Gina Moore

A staple in our community and a bedrock of our Winchester downtown for the past 56 years has passed from this life.

Joseph (Joe) Edwin Herd, 81, of Belvidere, passed away unexpectedly on Aug. 14.

Although it will be hard to go in Blue Front Drug Store and no longer see Joe Herd’s big smile or drive by and not see his vehicle parked there, it will be easy to reflect on his legacy of a life well-lived.

Mr. Herd (as I’ve called that sweet man my whole life) was born June 6, 1938, in Wetumpka, Alabama, to the late Leonard Phillip and Lelia (Emory) Herd. He earned a Doctorate of Pharmacy degree in 1962 from Auburn University.

If you know any of the Herd family, you know they are loyal Auburn fans.

The Auburn Creed (below) was even read at Mr. Herd’s funeral. Mr. Herd steadfastly lived that creed.

In 1962, Mr. Herd was hired to be the principal pharmacist at Blue Front Drug Store, bringing with him his wife, Suzie, and their newborn daughter from Alabama to Tennessee.

Then, in 1964, Mr. Herd purchased the business, which had been established and named by Claude A. Prince Sr. and his son, Ollie Moore Prince, in 1950.

My history loving mother, Joy Gallagher, said she suggested to a writer at the Herald Chronicle in 2015 that he feature Joe Herd because not many individuals have owned and operated a business in the same place for 50 years.

She pointed out there have been businesses carried on by generations of a family, but it’s rare for one person to run the same business that long, an independent pharmacy at that.

The reporter agreed and told my mother he approached Mr. Herd, who showed absolutely no interest in such an article.

Yes, Mr. Herd preferred to let his actions do the talking. He was a humble yet dedicated servant to God, his family, his church and his community.

His life of commitment, reliability, consistency and honesty spoke to the hearts of those who knew him, as evidenced by the hundreds who turned out to wait in line outside his beloved Winchester First United Methodist Church on the hot summer afternoon of his visitation and celebration of life and resurrection service.

Such respect for the soft-spoken, servant-hearted man and his loving family was shown that day and will continue to pour forth in days to come.

Mr. Herd was a dedicated husband of 57 years, father, grandfather, and great-grandfather.

He poured his time and love into his community through his service at Blue Front Drug Store from which he never had intentions of retiring, according to his family.

He was a devoted member of his church, where he sang in the choir and served the Lord. On his rare days off from the pharmacy, he enjoyed tending to his flowers and working in his yard.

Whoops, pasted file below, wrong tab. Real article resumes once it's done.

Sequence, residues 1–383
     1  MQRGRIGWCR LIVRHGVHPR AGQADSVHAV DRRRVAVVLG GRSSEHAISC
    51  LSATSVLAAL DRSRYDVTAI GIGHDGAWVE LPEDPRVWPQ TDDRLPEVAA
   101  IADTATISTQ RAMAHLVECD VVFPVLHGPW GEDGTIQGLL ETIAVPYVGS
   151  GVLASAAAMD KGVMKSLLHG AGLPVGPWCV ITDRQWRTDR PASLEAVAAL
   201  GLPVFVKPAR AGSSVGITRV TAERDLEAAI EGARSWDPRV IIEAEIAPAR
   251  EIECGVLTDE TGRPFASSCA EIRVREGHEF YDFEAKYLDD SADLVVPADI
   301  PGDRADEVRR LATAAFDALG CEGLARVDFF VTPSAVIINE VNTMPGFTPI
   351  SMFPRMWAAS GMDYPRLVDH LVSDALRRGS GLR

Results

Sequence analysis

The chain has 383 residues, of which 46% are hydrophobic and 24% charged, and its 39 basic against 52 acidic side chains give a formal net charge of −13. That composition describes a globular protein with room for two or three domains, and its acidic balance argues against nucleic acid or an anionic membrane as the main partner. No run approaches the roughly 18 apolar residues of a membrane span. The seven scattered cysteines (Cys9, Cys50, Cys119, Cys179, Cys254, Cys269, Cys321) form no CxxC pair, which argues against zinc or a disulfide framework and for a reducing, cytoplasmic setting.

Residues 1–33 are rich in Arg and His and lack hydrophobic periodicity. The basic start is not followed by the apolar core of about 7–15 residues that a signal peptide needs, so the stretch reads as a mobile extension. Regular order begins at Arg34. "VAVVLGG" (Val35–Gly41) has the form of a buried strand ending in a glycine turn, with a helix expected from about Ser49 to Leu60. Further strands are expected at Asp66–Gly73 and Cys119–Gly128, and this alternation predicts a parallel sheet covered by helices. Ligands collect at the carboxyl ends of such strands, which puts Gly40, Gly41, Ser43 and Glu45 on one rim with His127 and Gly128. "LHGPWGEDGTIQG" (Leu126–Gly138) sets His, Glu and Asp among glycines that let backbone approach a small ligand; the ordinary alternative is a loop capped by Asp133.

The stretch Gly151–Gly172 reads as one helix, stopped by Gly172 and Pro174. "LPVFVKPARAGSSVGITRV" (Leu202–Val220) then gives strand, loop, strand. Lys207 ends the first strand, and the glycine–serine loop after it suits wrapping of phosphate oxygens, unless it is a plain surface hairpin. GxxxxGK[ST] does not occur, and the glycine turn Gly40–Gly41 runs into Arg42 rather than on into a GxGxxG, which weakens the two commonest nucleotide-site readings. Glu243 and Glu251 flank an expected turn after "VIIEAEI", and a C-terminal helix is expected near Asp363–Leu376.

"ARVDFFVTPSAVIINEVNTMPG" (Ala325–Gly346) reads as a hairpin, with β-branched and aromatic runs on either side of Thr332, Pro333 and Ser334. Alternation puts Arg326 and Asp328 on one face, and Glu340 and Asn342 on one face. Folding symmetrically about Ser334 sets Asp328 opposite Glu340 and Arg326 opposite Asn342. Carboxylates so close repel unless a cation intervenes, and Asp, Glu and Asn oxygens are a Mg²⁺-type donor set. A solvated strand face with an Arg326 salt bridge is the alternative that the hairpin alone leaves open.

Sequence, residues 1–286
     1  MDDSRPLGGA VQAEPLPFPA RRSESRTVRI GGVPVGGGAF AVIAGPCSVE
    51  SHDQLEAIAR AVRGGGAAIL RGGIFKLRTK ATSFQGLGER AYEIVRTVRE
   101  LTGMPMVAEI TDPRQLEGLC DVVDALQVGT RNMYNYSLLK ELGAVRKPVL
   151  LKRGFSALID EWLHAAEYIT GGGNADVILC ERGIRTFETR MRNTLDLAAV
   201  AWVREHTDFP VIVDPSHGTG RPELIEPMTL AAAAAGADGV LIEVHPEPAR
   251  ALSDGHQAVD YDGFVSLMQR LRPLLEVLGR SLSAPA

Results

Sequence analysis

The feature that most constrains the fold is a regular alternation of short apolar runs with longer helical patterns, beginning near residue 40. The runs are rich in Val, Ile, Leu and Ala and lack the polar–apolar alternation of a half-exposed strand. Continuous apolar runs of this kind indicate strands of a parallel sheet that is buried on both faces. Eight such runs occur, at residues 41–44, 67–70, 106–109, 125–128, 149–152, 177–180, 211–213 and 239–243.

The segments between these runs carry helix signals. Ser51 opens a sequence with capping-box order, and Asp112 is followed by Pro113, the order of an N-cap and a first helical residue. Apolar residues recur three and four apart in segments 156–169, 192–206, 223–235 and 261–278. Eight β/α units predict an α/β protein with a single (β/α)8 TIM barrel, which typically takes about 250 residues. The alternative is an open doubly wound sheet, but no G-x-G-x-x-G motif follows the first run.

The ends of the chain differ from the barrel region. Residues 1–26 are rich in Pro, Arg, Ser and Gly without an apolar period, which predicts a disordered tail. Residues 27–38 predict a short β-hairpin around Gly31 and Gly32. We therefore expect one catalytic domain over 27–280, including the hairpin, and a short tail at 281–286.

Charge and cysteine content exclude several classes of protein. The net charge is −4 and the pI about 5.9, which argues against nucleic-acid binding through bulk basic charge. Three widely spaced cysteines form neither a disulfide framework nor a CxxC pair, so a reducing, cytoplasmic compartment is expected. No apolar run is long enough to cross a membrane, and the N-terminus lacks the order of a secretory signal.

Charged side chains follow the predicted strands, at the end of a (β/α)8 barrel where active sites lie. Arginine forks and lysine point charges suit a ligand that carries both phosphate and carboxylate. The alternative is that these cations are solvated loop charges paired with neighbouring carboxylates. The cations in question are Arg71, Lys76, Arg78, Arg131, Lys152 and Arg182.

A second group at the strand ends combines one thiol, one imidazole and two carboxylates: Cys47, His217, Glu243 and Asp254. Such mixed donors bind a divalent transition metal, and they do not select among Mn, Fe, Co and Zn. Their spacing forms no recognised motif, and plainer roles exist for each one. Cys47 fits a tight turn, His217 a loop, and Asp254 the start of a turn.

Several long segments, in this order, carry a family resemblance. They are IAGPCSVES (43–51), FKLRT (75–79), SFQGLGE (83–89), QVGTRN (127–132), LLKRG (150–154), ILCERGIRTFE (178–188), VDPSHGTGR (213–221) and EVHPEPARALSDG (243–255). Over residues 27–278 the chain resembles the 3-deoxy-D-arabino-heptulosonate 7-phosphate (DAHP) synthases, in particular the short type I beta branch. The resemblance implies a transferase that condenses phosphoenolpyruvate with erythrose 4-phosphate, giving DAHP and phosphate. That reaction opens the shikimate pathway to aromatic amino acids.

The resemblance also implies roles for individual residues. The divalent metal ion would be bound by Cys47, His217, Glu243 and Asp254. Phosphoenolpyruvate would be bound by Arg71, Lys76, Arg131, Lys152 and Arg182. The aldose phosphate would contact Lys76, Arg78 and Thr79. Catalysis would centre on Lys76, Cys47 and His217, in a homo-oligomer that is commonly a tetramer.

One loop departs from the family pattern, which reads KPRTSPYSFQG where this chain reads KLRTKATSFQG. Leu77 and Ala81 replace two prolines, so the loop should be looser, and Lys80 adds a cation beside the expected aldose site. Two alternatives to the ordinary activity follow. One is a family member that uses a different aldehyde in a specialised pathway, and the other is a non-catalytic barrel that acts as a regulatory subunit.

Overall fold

He will forever be remembered for his jokes, impressions, stories and love for others.

At a recent program honoring prominent residents of Winchester, a tribute was given to Mr. Herd.

It said:

“Joe never expected or sought to become the hero that he is or to still be working at 81 years old. He just did what he does: work hard, love the Lord, his family, and others and be honest and faithful to what he is committed to.

“When Joe first moved to Winchester, the square was a bustling place. Saturdays were an especially busy time when folks came from all over the countryside to go to the bank, shop and visit.

“In those days, Blue Front had a soda fountain and served ice cream too. The counter would be lined with old and young alike out for a Saturday treat while getting their prescriptions filled.

“Times have changed, but Blue Front has remained largely the same due to Joe’s commitment and high standards.

“Sure there is no soda fountain, and Saturday in downtown Winchester is a little quieter, but Blue Front is still the place where the pharmacist’s home telephone number is posted on the door in case you need anything after hours.”

Among the many tributes written lately, one story stood out because it exemplified Mr. Herd and his love for others and his community. A woman said she checked prescription prices when she moved to this area and was surprised to find the best prices at his little downtown pharmacy as opposed to the larger chains.

When she told Mr. Herd this, I can just imagine his big ole smile before he answered her, “I’m trying to make a living, not a killing.”

Mr. Herd is survived by his loving wife, Suzie Herd and their four children, Amy Herd Foster of Winchester, Joseph Phillip Herd of Belvidere, Jenny Herd Crabtree of Winchester and Suzanna Herd Scrivener of Franklin.

The Auburn Creed

“I believe that this is a practical world and that I can count only on what I earn. Therefore, I believe in work, hard work.

I believe in education, which gives me the knowledge to work wisely and trains my mind and my hands to work skillfully.

I believe in honesty and truthfulness, without which I cannot win the respect and confidence of my fellow men.

I believe in a sound mind, in a sound body and a spirit that is not afraid, and in clean sports that develop these qualities.

I believe in obedience to law because it protects the rights of all.

I believe in the human touch, which cultivates sympathy with my fellow men and mutual helpfulness and brings happiness for all.

I believe in my country, because it is a land of freedom and because it is my own home, and that I can best serve that country by doing justly, loving mercy, and walking humbly with my God.

And because Auburn men and women believe in these things, I believe in Auburn and love it.” -George Petrie (1943)

Gina Gallagher Moore was born and raised in Franklin County, as was her husband, Kelly. They have three children and are blessed to raise them on their family farm.

She is a news-editorial journalism major who has operated Marketplace Consignment Sale for 25 years and worked part-time at Treasures. She also enjoys country cooking, reading, and writing about motherhood, life on the farm, and how God’s love and lessons surround us.